I waste so much time looking for something that I know I had in my hand just a few minutes before. I’ll be right in the middle of a project and suddenly I can’t find the wireless mouse or a pen that is not dried up and will actually write or the piece of paper with that wonderful blog idea that I can’t think of at the moment.
Of course, the first thing I should do is pray for guidance. But I hate to bother God with such an idiotic request. I mean, I just had it in my hand a minute ago. I'm always so sure I can take care of it myself.
But I tend to quickly work myself into a frenzy by immediately being infuriated at myself for losing the item, followed by frantically searching but not really seeing, followed by getting all sweaty, which further infuriates me… Well, you get the picture.
This is the only time that I’m aware of that David actively leaves me alone. He’s not even available for questioning because he’s run into the back yard, hopped on his lawnmower and headed down the street to mow somebody’s (anybody’s) lawn.
In the hopes of helping my fellow human beings, I offer the following ways to find what is lost.
1. Finding your lost glasses without wearing your glasses puts you at a great disadvantage. Try slowly walking around, retracing your steps, until you hear a crunch under your shoe. How did they get down there?
2. If you have retraced your steps and heard no crunch and therefore have given up and parked yourself in your recliner, a strange lump may reveal that you have found your now crooked glasses.
3. If you don’t hear a crunch and you haven’t sat on something lumpy, check your head or hand. Doing this first can save a lot of time.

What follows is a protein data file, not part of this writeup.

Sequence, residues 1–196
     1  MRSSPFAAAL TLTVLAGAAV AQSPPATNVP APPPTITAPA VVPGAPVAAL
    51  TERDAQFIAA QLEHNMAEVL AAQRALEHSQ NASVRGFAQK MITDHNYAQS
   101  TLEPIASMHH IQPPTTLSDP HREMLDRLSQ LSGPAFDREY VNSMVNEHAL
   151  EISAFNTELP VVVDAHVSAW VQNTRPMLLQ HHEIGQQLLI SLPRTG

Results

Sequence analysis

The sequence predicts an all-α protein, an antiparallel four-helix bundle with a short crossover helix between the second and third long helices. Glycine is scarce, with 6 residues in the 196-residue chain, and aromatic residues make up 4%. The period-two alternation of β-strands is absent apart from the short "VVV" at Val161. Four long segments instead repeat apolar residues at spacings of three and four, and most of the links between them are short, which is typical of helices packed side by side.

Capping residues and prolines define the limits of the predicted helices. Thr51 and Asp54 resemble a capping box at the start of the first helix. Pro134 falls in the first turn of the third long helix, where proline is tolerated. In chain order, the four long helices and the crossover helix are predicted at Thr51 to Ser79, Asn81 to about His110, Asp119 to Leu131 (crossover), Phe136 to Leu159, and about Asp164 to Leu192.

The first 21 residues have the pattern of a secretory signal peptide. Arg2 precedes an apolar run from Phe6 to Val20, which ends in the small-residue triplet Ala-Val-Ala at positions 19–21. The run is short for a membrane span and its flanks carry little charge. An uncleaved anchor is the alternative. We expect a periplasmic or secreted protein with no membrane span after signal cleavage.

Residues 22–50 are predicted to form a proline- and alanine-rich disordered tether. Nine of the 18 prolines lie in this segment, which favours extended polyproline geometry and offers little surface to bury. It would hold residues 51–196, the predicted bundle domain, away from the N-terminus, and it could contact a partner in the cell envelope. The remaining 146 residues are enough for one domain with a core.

4. Try looking on your face. You may already be wearing them.
(Bonus Tip: Never tell someone you found your glasses on your face unless you are certain that that someone has done the same thing. Otherwise, they will laugh at you and tell everyone for years to come.)
5. If you’re looking for your remote control for the TV, DVR, DVD player, Blu-Ray, sound system, the ceiling fan, the heater or the remote start for your car, try taking the sofa apart. It’s probably not there, but there’s no telling what is. Just be sure to collect all the dog hair or cat hair, because you still have time to knit that sweater for Cousin Cora for Christmas.
6. After you’ve put the sofa back together, check your pockets. I know, I know, you’d never put it in a – see? I told you!
7. Remember to look in unusual places. It just makes sense: If it’s not in the usual places, it’s got to be in the unusual places. My mother once found her purse in the freezer. That was some cold cash! (Sorry; just couldn’t pass that one up)
8. Don’t get sidetracked. Keep your mind on what you’re looking for. Or, if you have forgotten what you’re looking for, don’t worry. It will wake you in the middle of the night with such force that you will be unable to go back to sleep until you get up and start looking for it again.
When I was growing up, I remember my dad saying, “Where’s the jelly?” And Mom would say, “It’s in the refrigerator.”
Long pause. Daddy: “It’s not there.” Mom: “Yes, it is. It’s on the middle shelf.”
Long pause. Daddy: “It’s not there.” Mom: “Yes, it is.”
Long pause. Daddy: “No, it’s not.” Mom would make that noise that all moms make when their patience has run out. “Wait a minute,” she’d say. “I’ll come and look.”
Shorter pause. Mom: “It’s right here.” Daddy: “Where?” Mom: “Behind the ketchup. You have to move things.”
This went on for several years until Daddy finally learned to put it a different way: “I can’t see it.” That led to Mom saying, “Move things” much sooner, which led to cutting the time it took to get into an argument about it.
I’m happy to report that this marriage lasted for 63 years. And my dad did finally learn to move things.